Traditional curry powder is filled with spices that help your digestive system. Black pepper, a common ingredient in most curry powder blends, promotes stomach acid secretion and reduces intestinal gas.
Dill has been known to stimulate the lining of the esophagus and assist with removal of acid that normally causes the burning associated with heartburn. It does not actually rid the tube of the stomach acid that comes up but rather invigorates the muscles to work a bit harder to ingest the agitating acid back into the stomach.
Fennel is often used for colic, wind, irritable bowel, kidneys, spleen, liver, lungs, suppressing appetite, breast enlargement, promoting menstruation, improving digestive system, milk flow and increasing urine flow.
Fenugreek contains an amino acid called 4-hydroxyisoleucine, which appears to increase the body's production of insulin when blood sugar levels are high.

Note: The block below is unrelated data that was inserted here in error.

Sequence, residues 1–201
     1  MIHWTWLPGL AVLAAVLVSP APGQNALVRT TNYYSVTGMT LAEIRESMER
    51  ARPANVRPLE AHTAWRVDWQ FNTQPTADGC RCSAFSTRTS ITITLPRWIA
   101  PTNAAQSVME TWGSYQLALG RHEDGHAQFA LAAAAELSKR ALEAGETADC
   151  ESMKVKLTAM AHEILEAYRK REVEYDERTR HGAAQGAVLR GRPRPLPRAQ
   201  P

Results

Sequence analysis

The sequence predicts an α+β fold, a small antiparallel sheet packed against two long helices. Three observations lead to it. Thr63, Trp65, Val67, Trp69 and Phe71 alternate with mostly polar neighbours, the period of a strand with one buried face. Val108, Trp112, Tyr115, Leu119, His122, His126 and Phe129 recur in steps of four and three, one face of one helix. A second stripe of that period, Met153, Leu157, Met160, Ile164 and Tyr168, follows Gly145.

The smooth muscle relaxant Adenosine is found in Garlic and this seems to help lower blood pressure. Garlic is also used to help prevent atherosclerosis (plaque build up in the arteries causing blockage and possibly leading to heart attack or stroke), reduce colds, coughs and bronchitis.
Ginger is a powerful anti-inflammatory herb and there has been much recent interest in its use for joint problems. It has also been indicated for arthritis, fevers, headaches, toothaches, coughs, bronchitis, osteoarthritis, rheumatoid arthritis, to ease tendonitis, lower cholesterol and blood-pressure and aid in preventing internal blood clots.